Choice of access for endoscopic treatment of patients with proximal ureter calculi. Our experience

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Abstract

BACKGROUND: Urolithiasis is an actual problem of urology. Over the past 20 years, the tactics of treating patients with urolithiasis has changed significantly. However, there are currently no standardized algorithms for choosing the most effective treatment for a particular patient.

AIM: To evaluate the efficacy and safety of using a mininephroscope in comparison with the use of a flexible ureterorenoscope when performing percutaneous antegrade ureterolithotripsy in the treatment of patients with proximal ureteral calculi.

MATERIALS AND METHODS: A retrospective analysis of case histories of 61 patients with calculi in the proximal ureter was performed. All patients for surgical treatment were hospitalized in a planned manner with a previously installed nephrostomy drain 12Ch. All patients underwent percutaneous antegrade ureterolithotripsy – 15 using a mininephroscope (Group 1) and 46 using a flexible ureterorenoscope (Group 2).

RESULTS: The clinical performance of the mininephroscope and the flexible ureterorenoscope for ureterolithotripsy is similar. In patients of the 1st and 2nd groups, the average duration of the operation (59 ± 10 min and 63 ± 9 min, respectively, p > 0.1) and the Stone Free Rate (SFR) on the first day after surgery (respectively 93.3% and 95.7%) did not significantly differ. There were no intraoperative complications in any of the patients. The frequency of postoperative complications in patients of the 1st and 2nd groups was low, all complications corresponded to the 1st degree according to the Clavien–Dindo classification. The duration of postoperative hospital stay in patients of the 1st and 2nd groups was the same and averaged 3 days.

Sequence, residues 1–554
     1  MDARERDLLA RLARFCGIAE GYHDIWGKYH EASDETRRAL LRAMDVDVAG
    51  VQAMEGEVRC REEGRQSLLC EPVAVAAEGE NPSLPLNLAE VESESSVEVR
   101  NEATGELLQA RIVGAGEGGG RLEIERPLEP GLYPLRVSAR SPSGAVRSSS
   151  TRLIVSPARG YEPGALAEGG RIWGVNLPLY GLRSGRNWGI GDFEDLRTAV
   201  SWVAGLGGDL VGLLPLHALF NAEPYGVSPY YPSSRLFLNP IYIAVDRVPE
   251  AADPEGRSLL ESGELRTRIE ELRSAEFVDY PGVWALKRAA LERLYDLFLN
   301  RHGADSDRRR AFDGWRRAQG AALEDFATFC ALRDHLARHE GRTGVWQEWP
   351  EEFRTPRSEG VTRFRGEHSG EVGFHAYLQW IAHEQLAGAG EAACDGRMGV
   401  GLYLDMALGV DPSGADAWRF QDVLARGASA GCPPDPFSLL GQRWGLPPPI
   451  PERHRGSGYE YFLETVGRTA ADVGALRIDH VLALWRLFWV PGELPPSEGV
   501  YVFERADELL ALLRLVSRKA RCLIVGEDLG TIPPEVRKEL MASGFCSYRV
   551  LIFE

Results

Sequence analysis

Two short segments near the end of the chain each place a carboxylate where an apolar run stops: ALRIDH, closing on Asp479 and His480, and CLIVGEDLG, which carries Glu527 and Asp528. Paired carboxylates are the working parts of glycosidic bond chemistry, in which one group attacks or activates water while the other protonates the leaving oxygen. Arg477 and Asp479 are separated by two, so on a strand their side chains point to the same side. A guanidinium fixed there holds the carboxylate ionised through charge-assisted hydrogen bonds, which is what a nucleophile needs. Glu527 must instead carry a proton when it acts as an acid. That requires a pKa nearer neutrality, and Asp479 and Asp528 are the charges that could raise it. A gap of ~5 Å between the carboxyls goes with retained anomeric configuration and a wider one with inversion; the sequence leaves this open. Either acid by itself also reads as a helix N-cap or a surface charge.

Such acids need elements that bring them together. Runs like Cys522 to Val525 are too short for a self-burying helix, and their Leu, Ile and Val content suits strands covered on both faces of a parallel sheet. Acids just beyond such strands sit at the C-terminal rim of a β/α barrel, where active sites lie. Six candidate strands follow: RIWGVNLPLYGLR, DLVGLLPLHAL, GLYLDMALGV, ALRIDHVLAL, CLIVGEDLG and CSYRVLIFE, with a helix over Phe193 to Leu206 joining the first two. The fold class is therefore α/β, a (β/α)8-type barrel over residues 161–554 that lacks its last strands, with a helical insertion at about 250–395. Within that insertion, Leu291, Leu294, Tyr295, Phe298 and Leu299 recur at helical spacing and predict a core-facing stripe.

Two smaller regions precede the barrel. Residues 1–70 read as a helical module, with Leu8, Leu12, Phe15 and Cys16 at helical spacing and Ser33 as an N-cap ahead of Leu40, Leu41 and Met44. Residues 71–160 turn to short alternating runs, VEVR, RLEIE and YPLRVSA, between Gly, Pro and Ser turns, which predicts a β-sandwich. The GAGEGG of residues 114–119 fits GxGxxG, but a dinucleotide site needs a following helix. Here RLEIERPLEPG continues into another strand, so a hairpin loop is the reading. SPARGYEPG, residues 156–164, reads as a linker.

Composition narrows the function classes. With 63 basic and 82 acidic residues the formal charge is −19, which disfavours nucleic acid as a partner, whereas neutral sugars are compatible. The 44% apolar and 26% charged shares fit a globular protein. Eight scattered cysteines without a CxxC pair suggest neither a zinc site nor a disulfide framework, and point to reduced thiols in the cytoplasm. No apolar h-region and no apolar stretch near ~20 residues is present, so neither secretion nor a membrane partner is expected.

CONCLUSIONS: Performing percutaneous antegrade ureterolithotripsy using a nephroscope and a flexible ureterorenoscope ensures the achievement of SFR in the same short time, the minimum duration of surgery and the duration of the postoperative bed-day, as well as a low incidence of postoperative complications.

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About the authors

Marlen E. Topuzov

North-Western State Medical University named after I.I. Mechnikov

Email: martop@mail.ru
ORCID iD: 0000-0001-7765-0122
SPIN-code: 3061-6420
Scopus Author ID: 23979017100

Dr. Sci. (Med), Professor of the Department of Urology

Russian Federation, 41, Kirochnaya st., Saint Petersburg, 191015

Stanislav M. Basok

North-Western State Medical University named after I.I. Mechnikov

Email: stas_basok@mail.ru
ORCID iD: 0000-0003-2173-7485
SPIN-code: 7142-8167

Urologist of the Peter the Great Clinic

Russian Federation, 41, Kirochnaya st., Saint Petersburg, 191015

Petr V. Kustov

North-Western State Medical University named after I.I. Mechnikov

Email: wisttut@gmail.com
ORCID iD: 0000-0002-4075-3205

Postgraduate student

Russian Federation, 41, Kirochnaya st., Saint Petersburg, 191015

Osman A. Abinov

North-Western State Medical University named after I.I. Mechnikov

Author for correspondence.
Email: osmanabinov1111@mail.ru
ORCID iD: 0000-0003-1510-7612
SPIN-code: 2285-5446

Clinical Resident of the Department of Urology

Russian Federation, 41, Kirochnaya st., Saint Petersburg, 191015

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